Thursday, 10 October 2019

OGB Appreciation Day : Oracle Reports Server Queue Monitoring

Today is a day to celebrate what's great about our Oracle 'Groundbreakers' community. Our favourite stuff, what we're learning, horror stories, or just a little thanks.

I missed the second year because of holiday prep - so I decided to beat that this year by writing this the day I saw Tim's call-out on Twitter. Especially since I'm flying out to Melbourne for AUSOUG Connect, plus a little R&R.

I knew I had a few worthy ideas queued up, but I pondered for a moment on the most recent idea I noted.

So this year I'm going a little meta, or recursive, if you will - I'm acknowledging one of the posts from the original year. Oracle Reports Server Job Queue Monitoring. Thanks, Garth.

I wouldn't call this a duplicate post, rather a re-inforcement of this blog-fest, and I add some APEX spice.

I'm not entirely sure how I came across Garth's post, but I'm certain if it wasn't there, I wouldn't have realised I could transform that trusty but transient report queue servlet into table data in 3 easy steps.

A reliable page, but a little dated

And once they're in the database, we can APEX the shit out of it.

Now we can fold this data into awesomness

As Garth details in a second post, and Doc ID 2098657.1, it's a relatively simple matter of
  1. DCL to define table owner
  2. DDL to define some objects
  3. Minor Report Server configuration
Now we can query rw_server_queue to see how many of which reports were executed each day by who.

Why would we want to do this? It's 2019, why am I blogging about an Oracle Reports feature?
So we can analyse reports usage in the legacy system before migrating to AOP, of course!

You can also find the relevant SQL here, to make it easier for some of us to find & utilise.

So that's now two #ThanksOGB references in one, illustrating how worthy participation in such an even can be.

Past posts

2016 OTN - Dynamic Actions
2017 ODC - (dog at my homework)
2018 ODC - APEX Workspace Activity Logs
2019 OGB - Oracle Reports Server Queue Monitoring
2020 OGB - (quite possibly something that also shares a precursor to Oracle Reports)

Monday, 7 October 2019

So you want to learn Oracle APEX?

Are you involved with Oracle? Perhaps your a DBA, or a PL/SQL data master, possibly know a bit about Oracle Forms, and you want to learn what all the fuss is about regarding Oracle Application Express (APEX)?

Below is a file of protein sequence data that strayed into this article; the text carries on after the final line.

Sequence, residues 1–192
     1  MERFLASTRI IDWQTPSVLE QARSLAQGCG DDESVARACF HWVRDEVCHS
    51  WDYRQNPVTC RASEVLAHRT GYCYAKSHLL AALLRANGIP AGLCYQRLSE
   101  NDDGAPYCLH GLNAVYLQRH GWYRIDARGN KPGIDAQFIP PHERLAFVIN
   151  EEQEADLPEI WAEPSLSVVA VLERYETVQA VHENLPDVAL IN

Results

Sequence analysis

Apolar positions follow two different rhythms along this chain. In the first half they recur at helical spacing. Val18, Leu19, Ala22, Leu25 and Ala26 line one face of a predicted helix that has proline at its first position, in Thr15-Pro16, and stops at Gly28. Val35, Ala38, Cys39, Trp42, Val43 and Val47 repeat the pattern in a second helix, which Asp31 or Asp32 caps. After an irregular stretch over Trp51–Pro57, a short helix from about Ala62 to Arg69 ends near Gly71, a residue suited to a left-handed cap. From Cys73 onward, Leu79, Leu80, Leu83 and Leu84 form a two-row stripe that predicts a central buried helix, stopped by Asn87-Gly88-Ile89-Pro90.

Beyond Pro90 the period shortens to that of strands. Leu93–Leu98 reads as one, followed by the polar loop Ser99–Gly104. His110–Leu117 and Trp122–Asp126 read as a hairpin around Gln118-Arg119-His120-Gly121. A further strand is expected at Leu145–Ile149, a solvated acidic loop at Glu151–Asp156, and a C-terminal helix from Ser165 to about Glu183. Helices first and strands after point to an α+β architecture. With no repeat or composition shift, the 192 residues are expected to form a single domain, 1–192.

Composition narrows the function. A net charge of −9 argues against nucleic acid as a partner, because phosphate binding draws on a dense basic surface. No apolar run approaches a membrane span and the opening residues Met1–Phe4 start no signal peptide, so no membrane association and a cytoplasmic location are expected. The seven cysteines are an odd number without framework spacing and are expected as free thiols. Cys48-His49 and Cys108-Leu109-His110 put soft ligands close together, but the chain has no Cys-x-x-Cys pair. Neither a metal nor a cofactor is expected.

My best elevator description? It's a low code development tool that lives in the browser. Yep, the IDE is a web page that allows you to add SQL, PL/SQL, modify a few attributes - and you've got a data driven web based application that runs on any device. Easy for any Oracle technologist to learn.

This is not a new tool, it's been around since 2004, conceptually even before then.
We've built applications that have lasted for years with minimal inteference. They've outlasted other popular frameworks, and they're still within touch of the present. Still doing the basics of the web, in a clever, interactive way.

AskTom has been using this technology before it was called HTML DB.

It's also being mentioned out there, in the world beyond our bubble.

And it's hitting the news for the right reasons - helping natural disasters.

And helping people take action regarding climate change.

This all started from Kscope19, and it appears momentum continues to grow.

So do you want to board this hardy vessel?
The community is strong & passionate.

Use this as your starting resource

Sign up for a (no obligation) workspace on

Your web page is your IDE now. Lucky, the modern browser is a nifty place to be.

That's APEX. You paste SQL queries / PL/SQL API calls in a box, change some attributes, and there you go. Simples. You have data driven web applications, ready to use on any device.

As for skillset, I have a few JavaScript one-liners I use regularly, sometimes I embed some simple HTML, and I have a mechanical understanding of CSS - which is just queries against your page content.
You know how a web page works? You know Oracle stuff (SQL, stored procedures)? You'll be fine.

If you have Oracle Forms experience, maybe check this out.

Empty the cup.

Try the documented tutorial
Install some packaged applications, check out how certain features tick.

Looking for your source code? It is just meta-data in some tables, check out
select * from apex_dictionary;
select * from apex_applications;
See how far the rabbit hole goes.
SQL developer has some dedicated tools for the job.

Try the Maze Runner presentation by Jorge & Jackie, to find your feet.
Want to know what components are available? go to
Charts are particularly awesome:
Got a question? Try the forums.
Like a conversation? Try Slack
Happy to chip in for some help? askMax.
Want a place to visit, learn & keep in touch for 5 minutes every day? Try
They have a page titled "How to start as a developer".
Also check out the plug-ins page, to fill any gaps in the builder.
Steady blog stream available here.
Do you like to listen? There are currently two active podcasts.